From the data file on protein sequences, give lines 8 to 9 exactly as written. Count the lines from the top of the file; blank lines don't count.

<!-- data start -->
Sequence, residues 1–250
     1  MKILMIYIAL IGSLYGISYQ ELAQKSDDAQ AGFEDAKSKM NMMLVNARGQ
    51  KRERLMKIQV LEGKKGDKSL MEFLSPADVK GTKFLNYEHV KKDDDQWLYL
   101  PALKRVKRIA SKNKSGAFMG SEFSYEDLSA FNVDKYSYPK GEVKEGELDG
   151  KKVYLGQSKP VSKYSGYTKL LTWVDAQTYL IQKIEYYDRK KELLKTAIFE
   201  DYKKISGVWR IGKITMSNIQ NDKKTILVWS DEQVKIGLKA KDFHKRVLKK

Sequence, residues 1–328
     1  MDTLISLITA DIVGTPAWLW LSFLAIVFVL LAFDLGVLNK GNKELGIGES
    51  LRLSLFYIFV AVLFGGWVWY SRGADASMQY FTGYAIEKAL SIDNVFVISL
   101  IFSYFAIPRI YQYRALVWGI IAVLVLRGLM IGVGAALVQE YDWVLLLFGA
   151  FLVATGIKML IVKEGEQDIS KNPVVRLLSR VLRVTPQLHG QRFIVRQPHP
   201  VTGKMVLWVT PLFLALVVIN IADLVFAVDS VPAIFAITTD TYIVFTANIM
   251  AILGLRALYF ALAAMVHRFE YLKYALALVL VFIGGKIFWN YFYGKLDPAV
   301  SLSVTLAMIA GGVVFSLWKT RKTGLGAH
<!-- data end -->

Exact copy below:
     1  MDTLISLITA DIVGTPAWLW LSFLAIVFVL LAFDLGVLNK GNKELGIGES
    51  LRLSLFYIFV AVLFGGWVWY SRGADASMQY FTGYAIEKAL SIDNVFVISL